Polk Audio RTI A3 Review; They’re fantastic!
Polk Audio RTI A3 Review
To skip ahead click here
As much as I love a good subwoofer, all that bass is useless if the speakers that accompany it lack clarity and finesse.
There’s just something about a speaker being clear that really engages you (if anything even sometimes scaring you) It’s hard to explain, but for lack of a better term, it’s awesome. So on my never ending quest for good sound, I stumbled upon a rather interesting duo recently. That pair was the Polk Audio RTI A3s.
Funny little story before we get into the review though. I ordered these along with a bunch of other stuff at the time completely unaware how big the boxes would be.
On the day they were supposed to arrive, they didn’t come until almost 8 at night. I was worried at first because my packages usually come a lot earlier, but I when I heard the truck pull up I was ecstatic. I guess my place was the last stop since I had ordered so much. This was the first time I actually had a delivery driver ask for help with carrying stuff.
Even though in my head I was confused, one look and i instantly knew why. When I saw the boxes, my immediate reaction was oh my… what have I done…. They were legit huge.
So we then struggled with these gigantic boxes up the steps into my house. Joy. You know in retrospect, it’s hilarious to think about, but at the time it was a struggle. I’m glad no one saw, it was just bad.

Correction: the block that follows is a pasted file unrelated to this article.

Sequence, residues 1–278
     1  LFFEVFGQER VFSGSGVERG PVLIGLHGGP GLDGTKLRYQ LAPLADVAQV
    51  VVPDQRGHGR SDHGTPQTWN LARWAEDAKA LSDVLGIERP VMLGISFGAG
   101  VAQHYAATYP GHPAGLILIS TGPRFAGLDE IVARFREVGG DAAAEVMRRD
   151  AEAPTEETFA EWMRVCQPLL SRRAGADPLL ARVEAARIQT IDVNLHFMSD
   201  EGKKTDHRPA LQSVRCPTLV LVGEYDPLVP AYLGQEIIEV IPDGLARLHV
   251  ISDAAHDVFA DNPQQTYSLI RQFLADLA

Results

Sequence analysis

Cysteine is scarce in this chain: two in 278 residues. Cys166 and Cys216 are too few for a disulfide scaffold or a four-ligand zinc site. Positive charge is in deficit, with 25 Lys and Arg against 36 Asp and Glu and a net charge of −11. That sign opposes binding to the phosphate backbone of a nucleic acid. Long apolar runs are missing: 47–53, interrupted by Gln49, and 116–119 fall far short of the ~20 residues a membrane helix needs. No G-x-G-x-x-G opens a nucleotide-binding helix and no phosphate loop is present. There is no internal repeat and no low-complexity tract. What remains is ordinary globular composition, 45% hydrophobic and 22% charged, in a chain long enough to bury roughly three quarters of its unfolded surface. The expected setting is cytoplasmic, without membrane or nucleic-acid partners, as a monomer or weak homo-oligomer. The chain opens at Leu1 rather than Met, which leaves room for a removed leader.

We both laughed about it though, and I told him to have a good night. After he left, it dawned on me that I had another flight to carry them up because the room they were going in was…..guess where…upstairs! So that was definitely fun to do. Nope not even a little bit sarcastic.
Alas, the RTIs in cherry wood are part of my current system right now though.
After setting them up, and from what I’ve listened, they’re a real winner.
Let’s get to it. 😉
So first things first, right off the bat, the box was comically big. Yes, it was also somewhat heavy, but it’s the size where you’ll probably need two people for.
There wasn’t any special coloring or even anything particularly alluring about the box design itself though; just a normal cardboard box.
That’s okay because we care about what’s on the inside of the box.
You could see the speakers on the outside so that’s a cool touch. Inside there’s foam liners around the RTIs so they don’t get damaged in transit.
Glad that they did that because the last thing anyone needs is the contents of their package broken. On top is a plastic Ziploc full of manuals and stuff like that if you want to read it. I personally skim it since I’m a nerd, but that’s your call.